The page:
Estrada vs. Escritor [A.M. No. P-02-1651, August 4, 2003] Facts: Escritor is a court interpreter since 1999 in the RTC of Las Pinas City. She has been living with Quilapio, a man who is not her husband, for more than twenty five years and had a son with him as well. Respondent‘s husband died a year before she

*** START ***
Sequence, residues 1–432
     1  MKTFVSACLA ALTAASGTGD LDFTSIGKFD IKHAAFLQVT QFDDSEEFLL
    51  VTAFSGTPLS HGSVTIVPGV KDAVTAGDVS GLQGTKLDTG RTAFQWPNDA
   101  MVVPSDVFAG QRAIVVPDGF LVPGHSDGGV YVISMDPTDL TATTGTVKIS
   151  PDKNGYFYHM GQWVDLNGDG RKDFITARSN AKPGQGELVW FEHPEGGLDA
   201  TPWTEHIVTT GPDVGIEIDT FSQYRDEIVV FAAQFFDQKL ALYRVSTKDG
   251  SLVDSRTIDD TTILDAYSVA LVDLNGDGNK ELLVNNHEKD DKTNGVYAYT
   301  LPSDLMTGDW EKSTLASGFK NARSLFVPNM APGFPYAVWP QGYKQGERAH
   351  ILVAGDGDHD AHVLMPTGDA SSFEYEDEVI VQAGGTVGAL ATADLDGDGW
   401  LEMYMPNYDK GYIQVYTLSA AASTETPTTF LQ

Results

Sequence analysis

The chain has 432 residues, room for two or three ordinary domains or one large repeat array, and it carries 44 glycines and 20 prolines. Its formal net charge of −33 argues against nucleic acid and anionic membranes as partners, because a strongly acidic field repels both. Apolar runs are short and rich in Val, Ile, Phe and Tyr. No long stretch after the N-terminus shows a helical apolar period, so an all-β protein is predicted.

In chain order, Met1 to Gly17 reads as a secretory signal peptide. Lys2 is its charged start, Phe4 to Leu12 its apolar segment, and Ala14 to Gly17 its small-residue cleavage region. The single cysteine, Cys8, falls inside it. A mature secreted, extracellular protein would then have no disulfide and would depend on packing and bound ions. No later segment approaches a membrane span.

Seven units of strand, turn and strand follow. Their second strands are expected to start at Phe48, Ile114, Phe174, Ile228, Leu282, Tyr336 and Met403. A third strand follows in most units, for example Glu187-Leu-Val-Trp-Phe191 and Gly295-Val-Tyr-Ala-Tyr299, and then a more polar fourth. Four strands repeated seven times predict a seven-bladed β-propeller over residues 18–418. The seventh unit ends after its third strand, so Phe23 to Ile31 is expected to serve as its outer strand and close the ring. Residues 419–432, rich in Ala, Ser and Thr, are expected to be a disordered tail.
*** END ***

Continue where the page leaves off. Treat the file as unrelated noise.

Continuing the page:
entered into the judiciary while Quilapio is still legally married to another woman. Complainant Estrada requested the Judge of said RTC to investigate respondent. According to complainant, respondent should not be allowed to remain employed therein for it will appear as if the court allows such act. Respondent claims that their conjugal arrangement is permitted by her religion —the Jehovah‘s Witnesses and the Watch Tower and the Bible Trace Society. They allegedly have a Declaration of Pledging Faithfulness‘ under the approval of their congregation. Such a declaration is effective when legal impediments render it impossible for a couple to legalize their union. Issue: Whether or Not the State could penalize respondent for such conjugal arrangement. Held: No. The State could not penalize respondent for she is exercising her right to freedom of religion. The free exercise of religion is specifically articulated as one of the fundamental rights in our Constitution. As Jefferson put it, it is the most inalienable and sacred of human rights. The State‘s interest in enforcing its prohibition cannot be merely abstract or symbolic in order to be sufficiently compelling to outweigh a free exercise claim. In the case at bar, the State has not evinced any concrete interest in enforcing the concubinage or bigamy charges against respondent or her partner. Thus the State‘s interest only amounts to the symbolic preservation of an unenforced prohibition. Furthermore, a distinction between public and secular morality and religious morality should be kept in mind. The jurisdiction of the Court extends only to public and secular morality. The Court further states that our Constitution adheres the benevolent neutrality approach that gives room for accommodation of religious exercises as required by the Free Exercise Clause. This benevolent neutrality could allow for accommodation of morality based on religion, provided it does not offend compelling state interests. Assuming arguendo that the OSG has proved a compelling state interest, it has to further demonstrate that the state has used the least intrusive means possible so that the free exercise is not infringed any more than necessary to achieve the legitimate goal of the state. Thus the conjugal arrangement cannot be penalized for it constitutes an exemption to the law based on her right to freedom of religion.